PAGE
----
In the aftermath of Irene, funding shortages force FEMA to take money from tornado victims to provide hurricane aid
It had been raining for several hours on Evening Song Farm, a 100-acre plot of land in the valley between Button Hill and Burnt Mountain, in the shadow of Killington's ski slopes. David Hibbard Rode was working on a cabin he'd spent several months building by hand when he noticed the creek below the building — the creek that normally ran as shallow as 6 inches — rapidly rising. As he ran back to the farm house, the water chased him into the fields, washing away the topsoil and swamping the farm machinery. Rapids replaced the tomatoes and onions as the tiny creek rose 12 feet.
Flash floods like this one prompted President Obama to declare a state of emergency in Vermont on Monday morning. All weekend, homes, roads and bridges washed out as it rained over seven inches. While Vermont Emergency Management attempted to keep up with the damage, including relocating their own headquarters after the Winooski River flooded their building, utility crews were trapped with customers by the waters. More than 50,000 people lost power, and although the Central Vermont Public Service Corporation has brought in crews from as far away as Illinois, it may be weeks before all service is restored.
By the time Irene hit New England, it had been downgraded to a tropical storm, with winds 35 miles per hour slower than when it first made landfall in North Carolina. But by many measures, Vermont fared worse than the coastal states. As Irene blew west, it emptied over areas that were already saturated from an unusually wet spring. Communities like Montpelier and Barre, still recovering from flash floods in May, were particularly at risk.
In the wake of the more than $6 billion dollars of destruction, the Federal Emergency Management Agency (FEMA) set up a distribution center on Tuesday at Camp Johnson in Colchester, Vt. with food, blankets, and emergency supplies. With more than 260 roadways still washed out, helicopters will airdrop supplies to communities unreachable by land.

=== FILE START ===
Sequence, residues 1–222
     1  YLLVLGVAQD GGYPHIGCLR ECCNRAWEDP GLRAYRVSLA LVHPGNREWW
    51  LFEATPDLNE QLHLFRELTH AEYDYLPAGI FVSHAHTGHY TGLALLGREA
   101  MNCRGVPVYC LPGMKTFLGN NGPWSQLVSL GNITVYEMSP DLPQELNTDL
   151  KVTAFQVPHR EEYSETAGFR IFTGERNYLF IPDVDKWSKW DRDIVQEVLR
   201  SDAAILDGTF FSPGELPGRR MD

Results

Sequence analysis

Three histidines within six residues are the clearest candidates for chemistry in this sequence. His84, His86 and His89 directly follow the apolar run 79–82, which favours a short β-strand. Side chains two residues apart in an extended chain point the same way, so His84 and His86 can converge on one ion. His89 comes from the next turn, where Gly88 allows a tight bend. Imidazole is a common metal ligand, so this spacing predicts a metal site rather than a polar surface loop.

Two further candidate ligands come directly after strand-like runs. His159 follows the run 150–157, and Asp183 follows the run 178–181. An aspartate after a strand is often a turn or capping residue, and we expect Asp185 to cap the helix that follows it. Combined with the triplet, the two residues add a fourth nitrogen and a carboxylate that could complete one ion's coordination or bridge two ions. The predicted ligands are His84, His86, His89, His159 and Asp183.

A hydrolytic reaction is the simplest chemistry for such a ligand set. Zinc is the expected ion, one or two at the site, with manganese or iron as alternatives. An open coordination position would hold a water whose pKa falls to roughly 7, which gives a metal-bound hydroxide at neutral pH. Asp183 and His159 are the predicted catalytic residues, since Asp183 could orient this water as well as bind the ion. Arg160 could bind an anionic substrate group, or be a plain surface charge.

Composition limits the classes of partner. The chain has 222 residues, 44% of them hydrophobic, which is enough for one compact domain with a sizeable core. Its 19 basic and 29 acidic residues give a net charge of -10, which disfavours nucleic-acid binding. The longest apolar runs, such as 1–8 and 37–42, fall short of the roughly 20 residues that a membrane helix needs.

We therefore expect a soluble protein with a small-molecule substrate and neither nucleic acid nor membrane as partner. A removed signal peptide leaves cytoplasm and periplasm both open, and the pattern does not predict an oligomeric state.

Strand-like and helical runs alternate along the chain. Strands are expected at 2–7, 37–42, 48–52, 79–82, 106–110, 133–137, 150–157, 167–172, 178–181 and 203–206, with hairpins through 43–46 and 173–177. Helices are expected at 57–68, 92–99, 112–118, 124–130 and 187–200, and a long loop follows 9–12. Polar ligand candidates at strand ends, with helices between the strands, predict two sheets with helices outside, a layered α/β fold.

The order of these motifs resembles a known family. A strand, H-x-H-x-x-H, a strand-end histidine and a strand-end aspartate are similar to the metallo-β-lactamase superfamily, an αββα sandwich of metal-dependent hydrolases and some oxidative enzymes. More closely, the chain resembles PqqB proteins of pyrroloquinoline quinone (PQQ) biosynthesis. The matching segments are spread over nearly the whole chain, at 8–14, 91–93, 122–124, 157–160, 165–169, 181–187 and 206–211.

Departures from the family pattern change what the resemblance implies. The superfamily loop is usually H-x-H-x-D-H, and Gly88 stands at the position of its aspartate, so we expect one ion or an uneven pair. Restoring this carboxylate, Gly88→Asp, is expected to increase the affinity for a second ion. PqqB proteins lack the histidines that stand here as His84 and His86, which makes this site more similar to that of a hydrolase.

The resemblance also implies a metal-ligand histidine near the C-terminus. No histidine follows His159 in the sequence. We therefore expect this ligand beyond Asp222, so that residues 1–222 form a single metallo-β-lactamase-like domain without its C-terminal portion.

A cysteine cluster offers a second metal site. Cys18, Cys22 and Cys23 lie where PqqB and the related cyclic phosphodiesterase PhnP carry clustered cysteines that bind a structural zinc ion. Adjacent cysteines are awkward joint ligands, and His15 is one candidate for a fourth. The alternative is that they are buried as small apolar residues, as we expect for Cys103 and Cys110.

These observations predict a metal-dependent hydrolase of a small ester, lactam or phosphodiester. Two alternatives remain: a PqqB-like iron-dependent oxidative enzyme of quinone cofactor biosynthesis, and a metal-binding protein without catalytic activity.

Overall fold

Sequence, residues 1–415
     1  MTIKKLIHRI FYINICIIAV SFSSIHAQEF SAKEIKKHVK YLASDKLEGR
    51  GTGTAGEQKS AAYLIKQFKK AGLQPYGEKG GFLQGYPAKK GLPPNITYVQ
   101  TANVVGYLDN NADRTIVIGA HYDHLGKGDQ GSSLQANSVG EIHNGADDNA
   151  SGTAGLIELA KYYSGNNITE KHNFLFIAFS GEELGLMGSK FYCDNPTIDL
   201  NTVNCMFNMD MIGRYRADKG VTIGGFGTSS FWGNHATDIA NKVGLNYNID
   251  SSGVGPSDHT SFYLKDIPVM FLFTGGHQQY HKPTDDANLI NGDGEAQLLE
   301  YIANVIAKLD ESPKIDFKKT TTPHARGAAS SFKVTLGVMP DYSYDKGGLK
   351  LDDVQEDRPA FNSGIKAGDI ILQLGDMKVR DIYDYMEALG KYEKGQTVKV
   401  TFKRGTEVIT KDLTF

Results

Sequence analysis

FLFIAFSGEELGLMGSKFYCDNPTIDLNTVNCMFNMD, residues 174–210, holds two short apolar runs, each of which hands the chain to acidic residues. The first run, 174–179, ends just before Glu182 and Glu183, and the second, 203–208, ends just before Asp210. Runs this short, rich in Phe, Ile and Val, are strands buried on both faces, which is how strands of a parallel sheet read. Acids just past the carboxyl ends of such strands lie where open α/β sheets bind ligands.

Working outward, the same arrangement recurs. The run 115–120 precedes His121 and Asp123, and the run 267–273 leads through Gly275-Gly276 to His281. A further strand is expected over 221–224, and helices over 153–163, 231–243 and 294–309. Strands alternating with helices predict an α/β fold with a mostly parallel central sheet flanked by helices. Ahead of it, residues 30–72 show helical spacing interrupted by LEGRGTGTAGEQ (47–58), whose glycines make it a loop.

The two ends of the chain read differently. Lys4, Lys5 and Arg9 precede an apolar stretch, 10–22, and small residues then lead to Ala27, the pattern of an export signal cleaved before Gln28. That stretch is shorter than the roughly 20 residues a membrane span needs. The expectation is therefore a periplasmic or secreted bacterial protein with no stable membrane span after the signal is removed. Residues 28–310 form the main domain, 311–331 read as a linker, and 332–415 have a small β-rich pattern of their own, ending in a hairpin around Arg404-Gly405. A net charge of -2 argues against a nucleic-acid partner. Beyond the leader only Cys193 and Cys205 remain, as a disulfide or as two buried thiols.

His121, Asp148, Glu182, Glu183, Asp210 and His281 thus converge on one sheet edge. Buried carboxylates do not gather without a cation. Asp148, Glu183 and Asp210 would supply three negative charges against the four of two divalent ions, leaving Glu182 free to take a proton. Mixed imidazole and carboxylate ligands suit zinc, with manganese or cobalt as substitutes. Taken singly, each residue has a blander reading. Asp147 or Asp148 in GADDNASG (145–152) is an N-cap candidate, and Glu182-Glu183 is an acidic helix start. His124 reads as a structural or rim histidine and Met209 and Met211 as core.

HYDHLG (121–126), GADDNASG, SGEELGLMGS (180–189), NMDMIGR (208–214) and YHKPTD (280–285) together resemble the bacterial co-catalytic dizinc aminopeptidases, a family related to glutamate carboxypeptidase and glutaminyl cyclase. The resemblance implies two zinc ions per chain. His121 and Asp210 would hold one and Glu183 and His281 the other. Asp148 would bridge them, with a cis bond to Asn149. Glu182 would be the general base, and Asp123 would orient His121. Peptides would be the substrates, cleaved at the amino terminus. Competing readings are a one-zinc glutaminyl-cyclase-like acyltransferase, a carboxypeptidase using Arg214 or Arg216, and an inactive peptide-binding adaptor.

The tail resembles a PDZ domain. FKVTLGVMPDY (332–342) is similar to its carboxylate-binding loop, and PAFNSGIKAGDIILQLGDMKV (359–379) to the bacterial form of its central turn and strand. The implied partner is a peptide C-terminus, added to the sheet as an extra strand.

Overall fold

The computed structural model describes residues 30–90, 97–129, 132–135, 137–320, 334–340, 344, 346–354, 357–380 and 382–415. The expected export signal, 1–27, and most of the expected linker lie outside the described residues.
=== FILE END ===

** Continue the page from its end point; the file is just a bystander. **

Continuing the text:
Yet the question of who will pay for even this short-term aid remains unclear. Even before the hurricane, FEMA was already over-budget for the year by at least $2 billion, with as little as $8 million in the fund that is responsible for responding to any federally declared disaster.
FEMA is balancing aid costs in Vermont by suspending payments for projects in other parts of the country, including Joplin and other towns affected by tornadoes earlier this summer. Senator Roy Blunt, a Republican from Missouri released an angry statement earlier this week saying, "Recovery from hurricane damage on the East Coast must not come at the expense of Missouri's rebuilding efforts. If FEMA can't fulfill its promise to our state because we have other disasters, that's unacceptable."
FEMA Administrator Craig Fugate told the L.A. Times the agency is no longer accepting new long-term repair applications for earlier disasters. Their budget deficit is likely to be compounded as Connecticut — which as of Tuesday morning was still expecting rising water levels with 400,000 customers without power — and New York press for federal assistance also.
In towns with economies still heavily reliant on agriculture, this type of natural disaster is particularly devastating. Evening Song Farm is just one of many in Vermont who have lost their livelihood, and even immediate disaster relief from FEMA may not be enough to help these families get back on their feet. Most flooding is not covered by home insurance, and most insurance that does cover flooding comes from the National Flood Insurance Program — which is a subsidiary of FEMA.
Secretary of the Department of Homeland Security, Janet Napolitano, replied to queries about FEMA on Tuesday, saying that while disaster aid was "not unlimited" and expenditures "have to be offset," Congress would do "what we need to protect the safety and the security of the people." She added that Congress had made supplemental budget requests in the past for disaster relief.
As recovery continues, responses have become politicized. Michelle Bachman told a Florida audience on Sunday, "I don't know how much God has to do to get the attention of the politicians. We've had an earthquake; we've had a hurricane." She concluded God's message was, "We've got to rein in the spending." House Majority Leader Eric Canter told Fox News on Monday the GOP agreed more funds were needed for FEMA, but that the House wouldn't approve of any additional spending until the Senate approved more budget cuts in the ongoing debt debates. Ron Paul told NBC News on Friday he doesn't see the need for a federal response to the hurricane, saying FEMA is "a great contribution to deficit financing."
It remains to be seen how Americans generally, let alone those affected by the hurricane specifically, will respond to the idea of austerity in disaster relief.
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